Getting rid of the gap between kitchen sink and wall/upstand

I'm thinking (quite a long way) ahead to fitting the worktops and sink and want to devise a way to solve the problem of the area behind the sink that always gets wet and manky. SWMBO wants oak worktops and a S/S 1.5 bowl double drainer sink (from Franke) so under-top sinks, corian, ceramic, etcetera are all ruled-out. The ideas I've had thus far are: to build-out the area behind the sink so that it slopes and, when tiled, slightly overhangs the back of the sink, or to fabricate a S/S wrap for the upstand behind the sink such that any water is directed onto the sink. Has anyone come-up with other ways of solving the problem?
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On 09/11/2019 12:27, snipped-for-privacy@aolbin.com wrote:

I put a S/S filler strip under the back of our sink and the other half is very pleased with it. Had a custom S/S wrapped MDF backed section made - I think it was 50mm x 1000mm and cost about £8 inc. postage so really not worth faffing around.
URL:- https://www.stainlessdirectuk.com/product/mdf-backed-stainless-steel-splashback-13mm-thick/
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On 09/11/2019 12:59, Andy Bennet wrote:

That's a useful link, thanks!
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Can't you just get in the habit of wiping it dry. Provided the joints are all siliconed it should be okay.
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On Sat, 09 Nov 2019 13:41:33 GMT, John wrote:

That was my second thought after sit-on-sink...
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That is what we’ve always done and never had any trouble. It just becomes part of the routine after using the sink etc and tidying up the kitchen.
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wrote:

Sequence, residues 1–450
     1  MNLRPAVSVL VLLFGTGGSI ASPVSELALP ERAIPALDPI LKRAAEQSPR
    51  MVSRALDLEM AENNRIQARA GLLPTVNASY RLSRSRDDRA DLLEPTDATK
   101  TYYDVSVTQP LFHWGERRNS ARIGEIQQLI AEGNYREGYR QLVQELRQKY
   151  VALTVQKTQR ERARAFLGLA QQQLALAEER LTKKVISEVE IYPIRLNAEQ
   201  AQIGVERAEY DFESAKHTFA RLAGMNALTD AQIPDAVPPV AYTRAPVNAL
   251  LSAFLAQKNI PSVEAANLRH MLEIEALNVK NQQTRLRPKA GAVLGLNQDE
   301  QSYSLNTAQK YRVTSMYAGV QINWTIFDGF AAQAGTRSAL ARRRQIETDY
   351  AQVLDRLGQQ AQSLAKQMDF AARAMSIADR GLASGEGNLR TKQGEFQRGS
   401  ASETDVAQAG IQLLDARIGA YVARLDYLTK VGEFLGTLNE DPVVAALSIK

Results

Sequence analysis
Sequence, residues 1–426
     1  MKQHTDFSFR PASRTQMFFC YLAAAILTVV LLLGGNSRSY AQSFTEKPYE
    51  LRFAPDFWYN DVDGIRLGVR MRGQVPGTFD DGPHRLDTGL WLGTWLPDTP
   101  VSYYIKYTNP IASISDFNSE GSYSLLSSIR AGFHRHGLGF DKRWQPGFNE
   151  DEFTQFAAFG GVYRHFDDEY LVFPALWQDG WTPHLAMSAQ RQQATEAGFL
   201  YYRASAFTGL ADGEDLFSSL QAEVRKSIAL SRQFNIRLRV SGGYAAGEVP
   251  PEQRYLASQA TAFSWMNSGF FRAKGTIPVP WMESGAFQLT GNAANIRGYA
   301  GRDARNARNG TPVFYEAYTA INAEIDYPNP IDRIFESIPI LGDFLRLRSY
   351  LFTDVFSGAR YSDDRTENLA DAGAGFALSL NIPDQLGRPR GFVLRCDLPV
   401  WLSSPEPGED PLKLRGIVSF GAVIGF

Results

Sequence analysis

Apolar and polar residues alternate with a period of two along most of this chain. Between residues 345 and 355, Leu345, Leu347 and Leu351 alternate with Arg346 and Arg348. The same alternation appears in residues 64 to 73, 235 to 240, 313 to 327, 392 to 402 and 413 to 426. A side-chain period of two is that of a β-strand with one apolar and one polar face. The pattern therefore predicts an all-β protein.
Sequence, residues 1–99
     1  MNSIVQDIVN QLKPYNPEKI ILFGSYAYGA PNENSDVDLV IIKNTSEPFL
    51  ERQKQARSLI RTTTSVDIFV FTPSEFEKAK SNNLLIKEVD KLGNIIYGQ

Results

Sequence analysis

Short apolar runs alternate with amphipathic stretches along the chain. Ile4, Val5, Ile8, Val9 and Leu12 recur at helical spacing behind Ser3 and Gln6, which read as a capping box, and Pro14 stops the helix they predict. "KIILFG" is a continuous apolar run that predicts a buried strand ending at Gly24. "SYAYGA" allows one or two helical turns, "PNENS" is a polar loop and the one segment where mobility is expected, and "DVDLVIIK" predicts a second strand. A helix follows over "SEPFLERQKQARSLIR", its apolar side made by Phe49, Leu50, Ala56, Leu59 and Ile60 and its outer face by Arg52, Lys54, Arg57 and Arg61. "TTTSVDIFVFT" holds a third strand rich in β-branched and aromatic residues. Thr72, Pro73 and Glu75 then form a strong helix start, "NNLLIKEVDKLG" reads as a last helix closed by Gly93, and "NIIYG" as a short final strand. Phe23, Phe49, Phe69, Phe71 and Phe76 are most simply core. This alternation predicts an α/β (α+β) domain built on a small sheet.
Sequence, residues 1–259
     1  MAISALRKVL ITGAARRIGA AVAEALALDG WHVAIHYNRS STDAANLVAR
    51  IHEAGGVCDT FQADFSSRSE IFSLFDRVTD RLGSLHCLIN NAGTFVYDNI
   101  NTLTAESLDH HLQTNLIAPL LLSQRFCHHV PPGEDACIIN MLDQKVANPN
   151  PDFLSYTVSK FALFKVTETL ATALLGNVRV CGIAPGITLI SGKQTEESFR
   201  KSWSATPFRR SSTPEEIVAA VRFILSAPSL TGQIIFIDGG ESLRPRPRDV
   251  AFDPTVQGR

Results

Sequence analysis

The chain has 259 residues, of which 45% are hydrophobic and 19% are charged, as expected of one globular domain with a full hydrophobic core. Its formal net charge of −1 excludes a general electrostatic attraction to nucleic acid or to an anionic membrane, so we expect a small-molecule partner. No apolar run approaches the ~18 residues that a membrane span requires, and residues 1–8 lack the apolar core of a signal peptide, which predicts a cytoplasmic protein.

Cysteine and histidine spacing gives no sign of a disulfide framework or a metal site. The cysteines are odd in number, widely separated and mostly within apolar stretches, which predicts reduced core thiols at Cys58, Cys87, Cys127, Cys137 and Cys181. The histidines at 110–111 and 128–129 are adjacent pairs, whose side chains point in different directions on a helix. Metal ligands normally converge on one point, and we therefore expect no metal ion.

I'd rather not be such a slave to my sink tho.
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On 09/11/2019 12:27, snipped-for-privacy@aolbin.com wrote:

You are really saying that you want an old fashioned sit on sink.
https://www.selcobw.com/leisure-roll-front-1-0-bowl-stainless-steel-kitchen-sink-with-rh-drainer
Nothing wrong with them. They are an excellent design, and they save on a bit of worktop.
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On 09/11/2019 13:41, GB wrote:

......."want to devise a way to solve the problem of the area behind the sink that always gets wet and manky.".........
We just wipe ours but have extra wide worktop which also means that the washing machine/dish washer and tumble dryer have extra room at the back of them for fitting/pipe work etc. It also means that I have doors on the front to conceal the white goods.
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Normally what tends to happen is that there is movement of the worktop/sink as apposed to the wall or structure with the tiles and this eventually lets water in as the silicon gets hard with age. I've never found a totally foolproof way myself except every so often redoing the silicon. Not me any more, thank goodness there are limits to blind handyman skills and all that stuff. grin. Brian
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